The Significance of Spring Training
John says to watch Leagues' stuff
John says to watch Leagues' stuff
Staff Writer
Posted Mar 12, 2005

You might be asking yourself these kinda questions while Spring Training goes on.

Does Spring Training mean much at all?
How much can be told by how well or poor players and teams play in Spring Training?

David Wells in the past has called Spring Training a waste of time, and way too long. I don't completely agree with him but I do think too much is made of spring training. The media and broadcasters especially, often hype up Spring Training to be something more than it is, and hint that results will carry into the regular season. Many things should seriously be taken into consideration before making strong judgments over a few spring games. First the level of competition is very weak, filled with no-where near major league talent, with many inexperienced and fringe type players. If players have a brilliant or poor spring it is not necessarily a sign of any similar results to come in the future. Pitchers you hear who were starting a game usually only pitch a couple innings at most, and even if Gabe Gross hits a homerun off Curt Schilling or Mark Prior it's still not the regular season version.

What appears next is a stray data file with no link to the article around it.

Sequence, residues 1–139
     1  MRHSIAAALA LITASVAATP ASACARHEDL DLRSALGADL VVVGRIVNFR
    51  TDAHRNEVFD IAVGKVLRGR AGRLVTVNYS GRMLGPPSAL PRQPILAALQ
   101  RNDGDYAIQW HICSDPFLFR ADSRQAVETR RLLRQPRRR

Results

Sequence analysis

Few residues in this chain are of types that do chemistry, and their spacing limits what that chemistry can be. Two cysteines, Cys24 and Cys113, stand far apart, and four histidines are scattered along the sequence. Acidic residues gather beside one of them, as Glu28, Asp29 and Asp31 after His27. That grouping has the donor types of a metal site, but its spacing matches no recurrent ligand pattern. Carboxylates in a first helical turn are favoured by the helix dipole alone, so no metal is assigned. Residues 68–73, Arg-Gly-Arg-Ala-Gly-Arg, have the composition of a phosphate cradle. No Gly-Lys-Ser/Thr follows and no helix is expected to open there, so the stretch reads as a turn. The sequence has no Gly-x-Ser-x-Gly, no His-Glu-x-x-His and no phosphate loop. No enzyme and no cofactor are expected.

Often players with their roster spot already guaranteed, have a completely different approach in the spring than in regular season. Many times they’re just working on certain things in their game without a care in the world if they’re helping or not helping win the game. Players trying to earn a roster spot is one thing, but how well guys like Roy Halladay, Eric Hinske, or Vernon Wells play shouldn’t matter too much.

The one thing about Spring Training for fans that get to see a game on television or a glimpse on the highlights is they can visualize prospects for the first time, and gain a better idea about players they’ve only read about. Things fans might want to use spring games for the rare opportunity to gain a better understanding of the little things in players that can’t be judged by reading scouting reports, because reading that stuff only goes so far. Some types of things you might want to watch closely are picking up on what Francisco Rosario’s stuff actually looks like on television, and what kind of approach Aaron Hill shows, or how Brandon Leagues changeup has progressed. Its one thing reading Rosario’s fastball in the mid-90s but it’s another seeing how much life it actually has, and how it jumps out of his hand. I’d really keep a close eye on Aaron Hill. Watch when he bats if he's a passive hitter or that he just has an exceptionally good batting eye, but still capable of hitting nasty pitching. Maybe you'll want to watch closely to pick up what Aaron Hill’s swing looks like. Is there enough lift to it and does the ball jump off his bat, which shows a sign of good power potential. Does he have good actions at shortstop? Is his range good enough? Are his hands soft or stiff? I'd watch Brandon League like a hawk to try and see whether he's developed a good enough changeup to make him an effective major league starting pitcher.

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